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Philosophy of Language: A Contemporary…
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Philosophy of Language: A Contemporary Introduction (2000)

by William G. Lycan

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The philosophy of language is an interesting subject if you love words, how they work, and the significance of what they signify. Although this book is an introduction to the subject, it should not be read by those with no philosophical background. If you are not already able to think like a philosopher, you'll probably be lost and confused by Lycan and left with the impression that philosophy is a nutty and useless field. ( )
  neverstopreading | Oct 25, 2011 |
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Amazon.com Product Description (ISBN 0415171164, Paperback)

Philosophy of Language introduces the student to the main issues and theories in twentieth-century philosophy of language. Topics are structured in three parts in the book. Part I, Reference and Referring Expressions, includes topics such as Russell's Theory of Desciptions, Donnellan's distinction, problems of anaphora, the description theory of proper names, Searle's cluster theory, and the causal-historical theory. Part II, Theories of Meaning, surveys the competing theories of linguistic meaning and compares their various advantages and liabilities. Part III, Pragmatics and Speech Acts, introduces the basic concepts of linguistic pragmatics, includes a detailed discussion of the problem of indirect force and surveys approaches to metaphor.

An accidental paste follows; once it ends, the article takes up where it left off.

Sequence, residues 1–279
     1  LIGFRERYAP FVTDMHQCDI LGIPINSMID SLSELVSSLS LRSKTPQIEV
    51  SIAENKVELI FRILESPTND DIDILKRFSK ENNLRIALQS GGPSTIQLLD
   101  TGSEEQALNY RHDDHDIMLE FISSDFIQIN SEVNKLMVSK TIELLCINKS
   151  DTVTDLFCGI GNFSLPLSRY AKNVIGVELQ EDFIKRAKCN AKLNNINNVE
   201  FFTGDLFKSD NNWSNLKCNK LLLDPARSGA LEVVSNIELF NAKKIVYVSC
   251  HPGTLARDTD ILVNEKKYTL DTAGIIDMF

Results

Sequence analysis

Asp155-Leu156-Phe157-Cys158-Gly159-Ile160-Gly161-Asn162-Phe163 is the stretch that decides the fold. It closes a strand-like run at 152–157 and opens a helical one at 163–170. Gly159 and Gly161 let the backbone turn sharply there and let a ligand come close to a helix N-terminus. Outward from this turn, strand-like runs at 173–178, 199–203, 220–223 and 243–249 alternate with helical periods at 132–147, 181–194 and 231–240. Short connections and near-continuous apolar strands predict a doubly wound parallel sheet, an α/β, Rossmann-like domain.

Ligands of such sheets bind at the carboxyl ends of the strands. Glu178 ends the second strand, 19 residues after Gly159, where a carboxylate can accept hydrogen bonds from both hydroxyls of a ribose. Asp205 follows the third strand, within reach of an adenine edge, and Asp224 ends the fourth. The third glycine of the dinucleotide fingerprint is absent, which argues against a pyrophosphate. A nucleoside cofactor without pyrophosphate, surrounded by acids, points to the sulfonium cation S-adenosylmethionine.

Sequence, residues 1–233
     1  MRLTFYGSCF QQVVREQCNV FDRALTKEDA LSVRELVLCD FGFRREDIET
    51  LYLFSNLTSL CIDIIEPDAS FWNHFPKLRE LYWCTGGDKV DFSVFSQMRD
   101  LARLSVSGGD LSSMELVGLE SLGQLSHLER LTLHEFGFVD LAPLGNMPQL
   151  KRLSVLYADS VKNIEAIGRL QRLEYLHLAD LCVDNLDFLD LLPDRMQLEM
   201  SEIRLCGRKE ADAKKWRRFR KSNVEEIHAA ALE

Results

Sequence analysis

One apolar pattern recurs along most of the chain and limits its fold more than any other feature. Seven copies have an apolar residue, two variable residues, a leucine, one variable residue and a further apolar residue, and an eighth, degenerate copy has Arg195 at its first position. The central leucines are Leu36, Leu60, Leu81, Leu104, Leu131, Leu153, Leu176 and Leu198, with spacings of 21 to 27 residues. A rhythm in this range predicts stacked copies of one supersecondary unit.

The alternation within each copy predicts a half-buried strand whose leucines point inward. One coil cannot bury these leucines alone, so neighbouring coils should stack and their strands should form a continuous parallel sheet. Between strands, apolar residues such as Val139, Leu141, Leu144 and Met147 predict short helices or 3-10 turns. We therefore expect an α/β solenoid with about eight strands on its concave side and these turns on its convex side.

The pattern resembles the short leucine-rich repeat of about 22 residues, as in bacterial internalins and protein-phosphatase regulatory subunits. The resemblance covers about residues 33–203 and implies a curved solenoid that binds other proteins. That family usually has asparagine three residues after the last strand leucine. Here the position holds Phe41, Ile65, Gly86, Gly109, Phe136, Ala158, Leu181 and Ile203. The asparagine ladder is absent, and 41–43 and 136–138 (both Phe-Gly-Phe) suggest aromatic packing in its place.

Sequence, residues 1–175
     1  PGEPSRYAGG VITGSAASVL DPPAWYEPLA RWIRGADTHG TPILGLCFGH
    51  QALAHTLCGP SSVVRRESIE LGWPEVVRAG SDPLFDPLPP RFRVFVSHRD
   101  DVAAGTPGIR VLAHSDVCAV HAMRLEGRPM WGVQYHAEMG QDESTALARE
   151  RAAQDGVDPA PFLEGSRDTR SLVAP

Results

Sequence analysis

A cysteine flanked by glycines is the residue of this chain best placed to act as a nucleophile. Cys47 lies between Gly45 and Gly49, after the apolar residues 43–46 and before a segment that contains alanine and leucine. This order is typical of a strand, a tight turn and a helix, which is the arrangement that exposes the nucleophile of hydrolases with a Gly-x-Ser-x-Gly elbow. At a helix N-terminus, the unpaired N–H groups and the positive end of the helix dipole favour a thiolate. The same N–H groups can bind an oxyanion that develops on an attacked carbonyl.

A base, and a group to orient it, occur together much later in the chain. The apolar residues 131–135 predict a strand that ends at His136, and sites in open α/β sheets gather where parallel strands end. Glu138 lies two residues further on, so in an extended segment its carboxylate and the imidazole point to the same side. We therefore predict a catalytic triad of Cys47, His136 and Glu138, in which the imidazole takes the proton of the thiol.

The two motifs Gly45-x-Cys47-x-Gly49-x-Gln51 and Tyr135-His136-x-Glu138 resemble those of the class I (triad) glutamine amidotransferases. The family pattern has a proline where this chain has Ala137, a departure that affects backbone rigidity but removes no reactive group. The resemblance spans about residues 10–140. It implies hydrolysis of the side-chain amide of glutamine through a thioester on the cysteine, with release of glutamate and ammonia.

Unique features of the text:
* chapter overviews and summaries
* clear supportive examples
* study questions
* annotated further reading
* glossary.

(retrieved from Amazon Thu, 12 Mar 2015 18:09:35 -0400)

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